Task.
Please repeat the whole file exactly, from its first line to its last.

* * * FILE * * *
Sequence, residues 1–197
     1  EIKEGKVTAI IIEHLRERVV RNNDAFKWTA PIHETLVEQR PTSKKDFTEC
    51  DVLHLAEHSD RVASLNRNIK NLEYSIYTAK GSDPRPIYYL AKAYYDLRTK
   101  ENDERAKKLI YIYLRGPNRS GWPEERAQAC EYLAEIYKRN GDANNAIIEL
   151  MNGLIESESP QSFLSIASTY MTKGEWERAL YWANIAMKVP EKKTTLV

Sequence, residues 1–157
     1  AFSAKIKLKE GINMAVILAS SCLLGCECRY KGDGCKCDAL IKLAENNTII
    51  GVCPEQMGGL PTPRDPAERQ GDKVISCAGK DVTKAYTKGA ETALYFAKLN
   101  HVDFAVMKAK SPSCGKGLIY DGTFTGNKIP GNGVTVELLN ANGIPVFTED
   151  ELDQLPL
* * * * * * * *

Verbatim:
Sequence, residues 1–197
     1  EIKEGKVTAI IIEHLRERVV RNNDAFKWTA PIHETLVEQR PTSKKDFTEC
    51  DVLHLAEHSD RVASLNRNIK NLEYSIYTAK GSDPRPIYYL AKAYYDLRTK
   101  ENDERAKKLI YIYLRGPNRS GWPEERAQAC EYLAEIYKRN GDANNAIIEL
   151  MNGLIESESP QSFLSIASTY MTKGEWERAL YWANIAMKVP EKKTTLV

Sequence, residues 1–157
     1  AFSAKIKLKE GINMAVILAS SCLLGCECRY KGDGCKCDAL IKLAENNTII
    51  GVCPEQMGGL PTPRDPAERQ GDKVISCAGK DVTKAYTKGA ETALYFAKLN
   101  HVDFAVMKAK SPSCGKGLIY DGTFTGNKIP GNGVTVELLN ANGIPVFTED
   151  ELDQLPL